Will the two No. 1s be movin' on to Super Bowl XXXVII?

For the first time since 1998, and just the second time in the past decade, the top two seeds in both conferences will square off in their respective championship games.

Updated: January 14, 2003, 11:24 AM ET
By by Tony Nistler, STATS. Inc.
Despite a busy offseason that saw the NFL add a new franchise, dramatically re-align its divisional structure and actually open its season on a Thursday night. Despite a wild regular season that saw no fewer than 12 AFC teams finish with records of .500 or better. Despite an even wilder postseason that has been laced with improbable comebacks and controversial officiating. Despite all of this, the final four teams left standing heading into this weekend's conference championship games are, on paper at least, the exact four teams that should be left standing. Funny how sometimes things work out exactly as planned, even if hardly anything goes as planned along the way.

For the first time since 1998, and just the second time in the past decade, the top two seeds in both conferences will square off in their respective championship games. In the NFC, the top-ranked Eagles will host the No. 2 Buccaneers, while the championship of the AFC will be decided by No. 1 Oakland and No. 2 Tennessee. Of course, the No. 1's enjoy the significant advantage of playing in front of friendly crowds, but what do past results say about these 1 vs. 2 matchups?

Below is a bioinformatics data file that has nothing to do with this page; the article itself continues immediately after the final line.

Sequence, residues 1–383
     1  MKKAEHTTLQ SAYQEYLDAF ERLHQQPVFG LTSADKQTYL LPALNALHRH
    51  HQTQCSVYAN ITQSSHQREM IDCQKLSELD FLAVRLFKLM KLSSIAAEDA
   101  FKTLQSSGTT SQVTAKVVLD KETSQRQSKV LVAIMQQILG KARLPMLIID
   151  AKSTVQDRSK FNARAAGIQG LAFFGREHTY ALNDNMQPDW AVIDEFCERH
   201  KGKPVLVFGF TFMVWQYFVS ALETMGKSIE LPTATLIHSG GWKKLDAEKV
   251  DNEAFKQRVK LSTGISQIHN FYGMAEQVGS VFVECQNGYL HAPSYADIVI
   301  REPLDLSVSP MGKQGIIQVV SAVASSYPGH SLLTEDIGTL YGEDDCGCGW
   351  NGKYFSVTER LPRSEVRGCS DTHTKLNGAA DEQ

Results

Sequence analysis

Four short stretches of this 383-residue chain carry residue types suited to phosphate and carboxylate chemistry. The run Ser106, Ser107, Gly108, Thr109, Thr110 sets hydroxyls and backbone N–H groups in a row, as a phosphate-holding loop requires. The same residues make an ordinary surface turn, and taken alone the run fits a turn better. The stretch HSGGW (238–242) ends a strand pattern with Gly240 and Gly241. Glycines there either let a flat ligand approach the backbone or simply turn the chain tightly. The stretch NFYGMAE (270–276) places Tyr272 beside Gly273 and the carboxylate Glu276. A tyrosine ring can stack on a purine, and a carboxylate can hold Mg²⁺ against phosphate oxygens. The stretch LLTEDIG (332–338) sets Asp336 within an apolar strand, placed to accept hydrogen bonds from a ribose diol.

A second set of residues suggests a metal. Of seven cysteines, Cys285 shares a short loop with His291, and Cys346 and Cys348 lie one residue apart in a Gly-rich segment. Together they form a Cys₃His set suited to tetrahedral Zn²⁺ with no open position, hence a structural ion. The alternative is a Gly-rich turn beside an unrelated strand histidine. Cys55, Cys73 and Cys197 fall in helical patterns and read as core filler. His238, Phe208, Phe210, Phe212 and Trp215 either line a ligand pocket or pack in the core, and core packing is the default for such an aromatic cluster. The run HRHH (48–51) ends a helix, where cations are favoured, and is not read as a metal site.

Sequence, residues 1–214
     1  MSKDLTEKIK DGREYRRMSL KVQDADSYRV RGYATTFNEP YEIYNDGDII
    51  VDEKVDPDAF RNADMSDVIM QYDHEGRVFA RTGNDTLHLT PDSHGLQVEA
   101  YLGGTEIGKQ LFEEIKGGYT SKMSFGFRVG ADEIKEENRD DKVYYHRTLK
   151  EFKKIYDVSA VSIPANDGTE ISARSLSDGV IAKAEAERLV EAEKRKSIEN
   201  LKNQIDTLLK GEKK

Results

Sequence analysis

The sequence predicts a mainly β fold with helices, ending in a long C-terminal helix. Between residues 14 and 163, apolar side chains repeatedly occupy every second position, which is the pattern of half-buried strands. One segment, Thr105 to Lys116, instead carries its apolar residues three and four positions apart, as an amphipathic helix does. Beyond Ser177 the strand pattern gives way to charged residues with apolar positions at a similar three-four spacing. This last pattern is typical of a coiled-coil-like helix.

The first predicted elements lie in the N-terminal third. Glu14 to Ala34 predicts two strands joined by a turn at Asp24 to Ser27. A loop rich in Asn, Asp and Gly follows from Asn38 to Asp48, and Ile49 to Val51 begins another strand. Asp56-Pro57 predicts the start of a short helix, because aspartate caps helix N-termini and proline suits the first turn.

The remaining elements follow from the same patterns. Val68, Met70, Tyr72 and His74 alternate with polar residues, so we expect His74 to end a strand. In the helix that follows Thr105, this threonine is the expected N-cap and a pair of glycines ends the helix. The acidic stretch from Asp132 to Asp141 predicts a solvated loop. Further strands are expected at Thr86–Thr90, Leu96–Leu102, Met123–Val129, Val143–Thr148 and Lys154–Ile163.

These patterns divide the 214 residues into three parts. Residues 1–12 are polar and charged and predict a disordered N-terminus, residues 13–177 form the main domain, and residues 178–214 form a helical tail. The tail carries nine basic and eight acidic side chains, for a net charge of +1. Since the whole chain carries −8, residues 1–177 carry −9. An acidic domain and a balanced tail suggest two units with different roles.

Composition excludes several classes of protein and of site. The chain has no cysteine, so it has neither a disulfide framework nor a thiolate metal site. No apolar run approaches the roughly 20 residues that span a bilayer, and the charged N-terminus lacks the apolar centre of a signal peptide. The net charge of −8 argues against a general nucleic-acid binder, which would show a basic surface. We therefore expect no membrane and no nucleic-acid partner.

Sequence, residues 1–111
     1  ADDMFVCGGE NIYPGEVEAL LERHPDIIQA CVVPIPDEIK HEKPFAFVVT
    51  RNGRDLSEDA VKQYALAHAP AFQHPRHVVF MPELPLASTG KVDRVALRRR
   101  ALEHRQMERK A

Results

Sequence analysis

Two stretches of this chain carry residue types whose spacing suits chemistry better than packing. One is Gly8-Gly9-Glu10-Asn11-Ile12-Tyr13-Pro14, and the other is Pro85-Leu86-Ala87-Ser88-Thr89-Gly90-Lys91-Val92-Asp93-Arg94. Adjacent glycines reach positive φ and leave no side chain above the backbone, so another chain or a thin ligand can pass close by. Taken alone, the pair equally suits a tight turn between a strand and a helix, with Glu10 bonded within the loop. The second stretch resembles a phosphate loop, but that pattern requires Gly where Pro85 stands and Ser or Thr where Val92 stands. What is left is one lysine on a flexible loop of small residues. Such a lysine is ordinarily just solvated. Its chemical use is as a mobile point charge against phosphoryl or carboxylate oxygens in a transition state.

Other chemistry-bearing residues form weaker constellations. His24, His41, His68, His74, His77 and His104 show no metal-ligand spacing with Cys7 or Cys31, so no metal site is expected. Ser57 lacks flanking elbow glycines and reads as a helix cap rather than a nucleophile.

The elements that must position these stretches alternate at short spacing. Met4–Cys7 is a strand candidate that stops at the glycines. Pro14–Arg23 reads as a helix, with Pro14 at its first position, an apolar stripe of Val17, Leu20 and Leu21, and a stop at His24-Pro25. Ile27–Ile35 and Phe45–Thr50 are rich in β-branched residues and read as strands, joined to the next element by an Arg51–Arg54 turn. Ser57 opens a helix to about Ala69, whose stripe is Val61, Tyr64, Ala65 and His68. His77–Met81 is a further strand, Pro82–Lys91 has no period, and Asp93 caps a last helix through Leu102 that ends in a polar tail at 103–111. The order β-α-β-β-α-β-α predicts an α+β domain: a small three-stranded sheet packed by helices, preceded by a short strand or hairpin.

Since the NFL adopted its current 16-game regular-season schedule prior to the 1978 campaign, there have been 16 championship games in the NFC that have pitted the top two seeds in the conference against one another. Let's take those NFC results:

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